Monday, September 14, 2015

Republican Tsunami

Carly Fiorina
I believe that there is a Republican tsunami sweeping over the country. It began when Republicans took  over the House of Representatives despite the re-election of President Obama in 2012. It increased in intensity in 2014 when Republicans took control of the Senate. This political upheaval only mirrored what has happened on the state and local level in the past few years. In the past few years Republicans have gained control of almost two thirds of the govenorships and state legislatures.

The Republican surge is illustrated this year in the run-up to the 2016 Presidential election. No matter what one thinks of individual Republican candidates, it is obvious that the Republican party has put up an unprecedented array of talented experienced candidates. The youth, vitality, and new ideas of the Republican candidates contrasts with the age and old fashioned ideas on the Democrat side, where Hillary Clinton seems so yesterday, and the Socialism of Bernie Sanders harks back even further. The Democrats seem so desperate that many are calling on old Joe Biden, a man who has never had an original idea, to run.

I did not watch the first Republican debate but here is my initial impression of the Republican field.

Donald Trump has taken the early lead in what promises to be a long race for the Republican nomination. So far, Trump seems impervious to criticism. He is the "bad boy" in the campaign and voters love a "bad boy." Just look at the continued popularity of Bill Clinton. Nevertheless, I suspect that like most front runners, Trump will run out of gas. His insulting comments about Carly Fiorina's face may be the beginning of the end for him

Speaking of Carly Fiorina, Trump's criticism has only helped her candidacy. Her response demonstrated that she is a candidate that must be taken seriously. She argued that the upcoming election is not entertainment but is about issues that will really matter. She also gained stature when she said that there are no "women's issues" but only issues that pertain to all of us. She is intelligent and experienced and even her ouster as CEO of Hewlett Packard will not work against her, since the Directors of the company have admitted that she was right and they were wrong.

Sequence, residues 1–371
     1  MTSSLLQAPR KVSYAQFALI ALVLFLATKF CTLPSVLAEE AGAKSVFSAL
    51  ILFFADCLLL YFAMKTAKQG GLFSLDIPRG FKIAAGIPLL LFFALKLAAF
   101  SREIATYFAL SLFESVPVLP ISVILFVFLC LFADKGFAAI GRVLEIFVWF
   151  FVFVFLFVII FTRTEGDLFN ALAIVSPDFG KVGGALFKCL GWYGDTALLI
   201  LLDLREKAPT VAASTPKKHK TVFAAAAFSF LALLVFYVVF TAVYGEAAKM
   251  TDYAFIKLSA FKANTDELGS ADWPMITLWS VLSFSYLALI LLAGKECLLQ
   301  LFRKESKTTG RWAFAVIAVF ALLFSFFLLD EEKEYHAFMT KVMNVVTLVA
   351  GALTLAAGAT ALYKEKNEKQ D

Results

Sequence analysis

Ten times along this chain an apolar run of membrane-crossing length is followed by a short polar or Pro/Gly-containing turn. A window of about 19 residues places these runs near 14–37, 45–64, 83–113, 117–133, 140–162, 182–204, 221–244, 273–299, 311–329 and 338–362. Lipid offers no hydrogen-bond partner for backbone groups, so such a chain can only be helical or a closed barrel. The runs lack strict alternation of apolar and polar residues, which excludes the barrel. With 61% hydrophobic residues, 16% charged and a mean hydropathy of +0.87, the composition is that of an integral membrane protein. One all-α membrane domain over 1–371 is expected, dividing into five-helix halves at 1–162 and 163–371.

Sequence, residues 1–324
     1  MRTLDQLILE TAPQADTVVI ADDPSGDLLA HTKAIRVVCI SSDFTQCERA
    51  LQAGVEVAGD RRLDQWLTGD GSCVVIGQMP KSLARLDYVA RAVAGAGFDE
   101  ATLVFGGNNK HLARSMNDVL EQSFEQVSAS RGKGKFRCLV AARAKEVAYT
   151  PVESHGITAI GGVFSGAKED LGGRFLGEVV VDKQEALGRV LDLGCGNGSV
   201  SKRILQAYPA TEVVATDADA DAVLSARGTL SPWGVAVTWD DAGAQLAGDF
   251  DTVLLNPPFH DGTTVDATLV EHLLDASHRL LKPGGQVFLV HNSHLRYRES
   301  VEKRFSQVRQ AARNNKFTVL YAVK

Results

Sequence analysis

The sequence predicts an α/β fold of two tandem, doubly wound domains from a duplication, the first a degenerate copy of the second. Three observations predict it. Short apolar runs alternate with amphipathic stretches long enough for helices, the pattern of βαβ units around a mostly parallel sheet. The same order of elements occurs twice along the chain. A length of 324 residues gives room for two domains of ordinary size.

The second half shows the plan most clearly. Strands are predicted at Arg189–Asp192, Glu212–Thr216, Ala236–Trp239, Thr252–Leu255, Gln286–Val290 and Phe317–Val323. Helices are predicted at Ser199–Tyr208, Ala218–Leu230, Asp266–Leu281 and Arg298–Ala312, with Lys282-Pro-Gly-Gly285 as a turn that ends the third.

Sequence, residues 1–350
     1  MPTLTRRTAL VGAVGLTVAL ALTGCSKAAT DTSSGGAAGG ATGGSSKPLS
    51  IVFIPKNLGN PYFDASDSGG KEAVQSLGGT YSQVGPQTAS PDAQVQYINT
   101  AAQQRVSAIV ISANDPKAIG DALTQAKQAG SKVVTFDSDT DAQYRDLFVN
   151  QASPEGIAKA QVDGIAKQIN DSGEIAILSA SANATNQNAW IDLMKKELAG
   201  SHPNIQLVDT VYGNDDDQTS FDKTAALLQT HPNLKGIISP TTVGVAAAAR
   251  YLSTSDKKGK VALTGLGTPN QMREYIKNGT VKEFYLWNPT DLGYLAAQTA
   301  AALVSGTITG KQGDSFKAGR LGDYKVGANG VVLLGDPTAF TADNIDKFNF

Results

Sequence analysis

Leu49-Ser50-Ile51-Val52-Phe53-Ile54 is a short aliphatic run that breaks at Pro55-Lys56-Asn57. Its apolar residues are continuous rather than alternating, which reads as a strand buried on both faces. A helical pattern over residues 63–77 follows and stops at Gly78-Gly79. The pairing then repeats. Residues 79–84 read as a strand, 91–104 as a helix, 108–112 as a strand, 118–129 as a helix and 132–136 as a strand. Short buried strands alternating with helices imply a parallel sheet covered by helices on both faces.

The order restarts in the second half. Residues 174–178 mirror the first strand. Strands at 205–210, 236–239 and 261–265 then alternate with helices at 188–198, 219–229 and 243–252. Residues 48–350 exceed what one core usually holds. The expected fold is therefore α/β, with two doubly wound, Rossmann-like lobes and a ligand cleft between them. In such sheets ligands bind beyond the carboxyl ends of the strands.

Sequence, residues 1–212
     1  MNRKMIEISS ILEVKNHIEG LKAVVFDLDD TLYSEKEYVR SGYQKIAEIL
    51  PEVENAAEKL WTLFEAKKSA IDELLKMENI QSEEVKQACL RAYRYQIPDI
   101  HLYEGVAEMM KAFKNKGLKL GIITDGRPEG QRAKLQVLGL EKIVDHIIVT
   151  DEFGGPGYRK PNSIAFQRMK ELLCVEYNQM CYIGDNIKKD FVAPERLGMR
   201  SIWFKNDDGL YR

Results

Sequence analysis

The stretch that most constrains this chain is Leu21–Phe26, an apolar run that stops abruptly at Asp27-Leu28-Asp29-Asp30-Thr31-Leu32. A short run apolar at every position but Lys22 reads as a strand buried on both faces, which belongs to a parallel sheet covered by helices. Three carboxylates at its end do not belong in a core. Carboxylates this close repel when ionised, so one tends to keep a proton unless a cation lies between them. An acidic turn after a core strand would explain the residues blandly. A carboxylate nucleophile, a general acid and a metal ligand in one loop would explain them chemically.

If Trump is the "bad boy" in the campaign, I think that Ben Carson is too good a man to go the distance. In fact, in TV appearances he appears to lack the fight and aggressiveness that is so important not only in gaining votes, but also in dealing with the terrible enemies that we face all over the world. Also, he has never been elected to any position of power. One of the great things about America is that there are thousands of men and women like Dr. Carson but they are best suited for the private sector.

Mere election to office does not necessarily qualify someone for the duties of President of the USA. Senators like Ted Cruz, Marco Rubio, and Rand Paul should have established themselves in the Senate before seeking the Presidency. They are intelligent thinkers and good vote getters but do not have the necessary experience as yet. President Obama is a good example of a first term Senator who attained the Presidency on charisma but turned out to be not ready for the job.

Governors seem to be more qualified than Senators for the Presidency, and the Republican field contains a number of present and former Governors. Of these, I think that Jeb Bush, the former Governor of Florida, and John Kasich, the current Governor of Ohio, have the experience and qualifications. I think a Bush/Kasich ticket would be very electable since both Florida and Ohio are key states in any Presidential contest. Bush lags in the early polls but he should not be counted out.

Governors like Bobby Jindal of Louisiana, Scott Walker of Wisconsin, and Chris Christie of New Jersey do not appear to have enough experience as yet.  It is doubtful if Christie could even
carry his home state of New Jersey. In general I question the ethics of sitting Governors running for the Presidency. They promised a lot to the people who elected them, and it doesn't seem right for them to turn their attention away from their home states. Scott Walker still has a long way to go in Wisconsin so why doesn't he want to stay and complete the job.

Politicians would do well to follow the example of Ronald Reagan who after two successful terms as Governor of California retired and proceeded to groom himself to become a national figure. Jeb Bush has followed the Reagan example. It will be interesting to see how he fares in the race once the front runners come back to the pack.


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